I have resisted responding to the blogs about Christianity and the flag, but feel that clarification is in order. The Southern Cross was, I think, a very good choice for the national flag when the design was first approved and I don’t see how we could replace the Southern Cross without indignation from many quarters. Indeed, I think those on all sides of politics who argued for the Southern Cross in the debates recognised it as one symbol we would all agree on, it is a powerful symbol of the nightsky that we all share and wonder at. A couple of bloggers complain that I talk about Hinduism (in fact all I do is mention the Indian flag) and Buddhism (Zen koan) in my essay and never talk about Christianity. They don’t seem to have noticed that the cross is actually given main emphasis, both in the Southern Cross and on the Eureka Flag. Some readers may not be aware of the contentiousness of the crosses on the Union Jack, either. The Cross of St Patrick, or Saltire, is a British heraldic device without any medieval precedent. It only joined the other two crosses after the Rebellion of 1798, when London wished to reassert its sovereignty over Ireland by the 1800 Act of Union. In other words, there are many Irish (Protestant as well as Catholic and maybe even Irish Buddhists) who would question its validity. The founding flag saluted at Sydney Cove in 1788 was the Union Flag with the crosses of George and Andrew only.

PHILIP HARVEY | 14 May 2012  

Richard M 14 May 2012 "Despite nostalgia, we are no longer British, and no longer really Christian." About two thirds of Australians still identify as Christian. This assertion is, at the very least, quite premature. ******************** Traditions can be helpful at first, but when conditions change, they can hinder progress. God evidently factored progress into Creation, as the One Constant is "Evolve, or Die." Certainly, despite many people still giving lip-service to Christianity, Christianity is nothing like what it was when it first started -as a Jewish sect, as described in Acts 2:44-47.

Robert Liddy | 15 May 2012  

I am bemused by the comments on Philip Harvey's essay on the flag. Most of them indicate that they have not carefully read both the essay and Philip's comments and some of the comments are nothing more than illinformed opinion made by people who do not have a good understanding of both indigenous and non-indigenous history. I suggest that people history books by Henry Reynolds and Humphrey MacQueen's 'A New Britannia'.

Mark Doyle | 15 May 2012  

Mark Doyle, I'd like to know what version of Indigenous/European history would convince Aboriginal people that their flag should be used to represent Australians from all cultural and ethnic backgrounds.

AURELIUS | 15 May 2012  

Phillip, despite your attempt at retrospective justification, you still haven't denied or accounted for the fact, which is the main point here by myself and others, that you propose to completely remove all four of the Christian crosses which currently dominate our flag, and don't even mention the fact that you are doing so. Did you seriously think nobody would notice or care if you removed all trace of Christianity from our flag? Regardless of the disputed heraldic history of various styles of cross, it's indisputable that the Cross has been the pre-eminent symbol of Christianity since the first millennium. What's so terribly wrong with keeping it on our flag? Those traditionally Christian countries which don't have crosses on their flags, lost them when they were abolished by order of the atheist and extreme persecuting anti-Catholic revolutionaries who seized control of those countries from 1790 to 1950. I don't think you realise just how powerful is the symbolism of ripping the crosses off a national flag. Basically it's saying "I hate Christ and Christianity and I want to violently exterminate it."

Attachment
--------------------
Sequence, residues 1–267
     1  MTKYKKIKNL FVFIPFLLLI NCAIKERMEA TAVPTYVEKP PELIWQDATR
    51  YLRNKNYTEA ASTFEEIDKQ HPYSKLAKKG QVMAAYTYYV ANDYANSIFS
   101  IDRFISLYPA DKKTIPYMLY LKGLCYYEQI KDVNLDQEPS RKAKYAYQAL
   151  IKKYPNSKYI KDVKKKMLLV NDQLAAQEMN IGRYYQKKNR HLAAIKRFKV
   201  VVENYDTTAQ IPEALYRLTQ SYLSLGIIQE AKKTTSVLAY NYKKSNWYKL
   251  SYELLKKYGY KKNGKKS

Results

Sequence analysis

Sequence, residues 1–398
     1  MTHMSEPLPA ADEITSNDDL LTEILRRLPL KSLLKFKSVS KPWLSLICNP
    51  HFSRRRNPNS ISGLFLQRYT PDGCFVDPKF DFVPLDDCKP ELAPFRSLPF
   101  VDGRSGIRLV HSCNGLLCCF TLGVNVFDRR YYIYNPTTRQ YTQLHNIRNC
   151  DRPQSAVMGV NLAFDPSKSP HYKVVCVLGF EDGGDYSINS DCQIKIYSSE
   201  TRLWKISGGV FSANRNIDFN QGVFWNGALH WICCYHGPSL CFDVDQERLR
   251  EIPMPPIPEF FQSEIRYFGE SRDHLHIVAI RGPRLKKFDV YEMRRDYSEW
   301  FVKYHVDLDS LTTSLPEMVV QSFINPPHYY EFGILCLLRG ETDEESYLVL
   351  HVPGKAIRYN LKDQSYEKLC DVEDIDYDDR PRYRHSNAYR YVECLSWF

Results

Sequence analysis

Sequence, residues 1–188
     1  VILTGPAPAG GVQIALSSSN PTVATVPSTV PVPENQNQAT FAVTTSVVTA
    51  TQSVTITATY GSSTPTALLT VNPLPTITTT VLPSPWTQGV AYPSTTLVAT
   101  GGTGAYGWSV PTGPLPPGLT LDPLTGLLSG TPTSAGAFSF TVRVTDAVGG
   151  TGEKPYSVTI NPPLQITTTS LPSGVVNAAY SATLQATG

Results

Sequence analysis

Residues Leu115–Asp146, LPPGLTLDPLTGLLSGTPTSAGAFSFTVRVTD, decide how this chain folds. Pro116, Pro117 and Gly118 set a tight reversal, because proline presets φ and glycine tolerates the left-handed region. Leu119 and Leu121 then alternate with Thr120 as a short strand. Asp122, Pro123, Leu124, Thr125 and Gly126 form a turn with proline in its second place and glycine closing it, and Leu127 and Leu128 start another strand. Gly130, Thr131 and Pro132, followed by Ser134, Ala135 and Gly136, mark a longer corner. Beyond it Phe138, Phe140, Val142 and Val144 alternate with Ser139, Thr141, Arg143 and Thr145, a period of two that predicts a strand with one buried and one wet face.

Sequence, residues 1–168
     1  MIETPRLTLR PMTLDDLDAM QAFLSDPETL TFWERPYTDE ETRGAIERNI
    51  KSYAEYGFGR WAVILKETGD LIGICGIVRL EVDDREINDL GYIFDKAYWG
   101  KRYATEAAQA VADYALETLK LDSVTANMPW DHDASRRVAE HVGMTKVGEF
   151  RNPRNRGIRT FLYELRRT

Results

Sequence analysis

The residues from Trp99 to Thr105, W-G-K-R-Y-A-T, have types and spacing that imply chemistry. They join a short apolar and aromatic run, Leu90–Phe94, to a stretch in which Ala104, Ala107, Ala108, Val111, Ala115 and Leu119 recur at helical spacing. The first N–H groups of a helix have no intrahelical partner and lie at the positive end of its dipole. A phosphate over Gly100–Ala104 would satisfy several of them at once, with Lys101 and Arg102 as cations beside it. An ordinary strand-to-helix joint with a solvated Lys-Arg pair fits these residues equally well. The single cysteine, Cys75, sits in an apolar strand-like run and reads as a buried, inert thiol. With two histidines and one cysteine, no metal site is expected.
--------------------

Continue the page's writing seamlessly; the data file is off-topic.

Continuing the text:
Sharon | 17 May 2012  

Dear Sharon, Christianity is a major religion found in all countries of the world, the majority of which do not have a cross on their flag, even where Christianity is the main faith. The United States is a good example of such a country. The reasons put for replacing (I am not in the business of ripping myself) the Union Jack have been stated already in the essay, the primary one being it is the flag of another country. I do not propose “to completely remove all four of the Christian crosses which currently dominate our flag,” in fact seem to be putting forward arguments for the Southern Cross and the Eureka Flag. My main appeal is to the imagination. Undoubtedly about my favourite example of how to use the imagination is Jesus Christ, truth be known. He is not reported as having anything to say about flags in the Gospel, but I am in awe of what he means about rendering unto God what is God’s, and unto Caesar what is Caesar’s. Shalom. Yours ever, Philip.

PHILIP HARVEY | 17 May 2012  

Sorry Philip, I've re-read your article very carefully and nowhere in it do you argue for retaining the Southern Cross on your flag. In fact you dismiss the Southern Cross as "a problem" and your proposed flag in the picture contains no trace of it. There might not be any recorded words of Christ about flags in particular, but He definitely did say, "Whoever is ashamed of Me before men, I will be ashamed of him before My Father." As for your flag that you think is so noble and imaginative, my son says that it looks like a boy setting a f**t on fire.

Sharon | 17 May 2012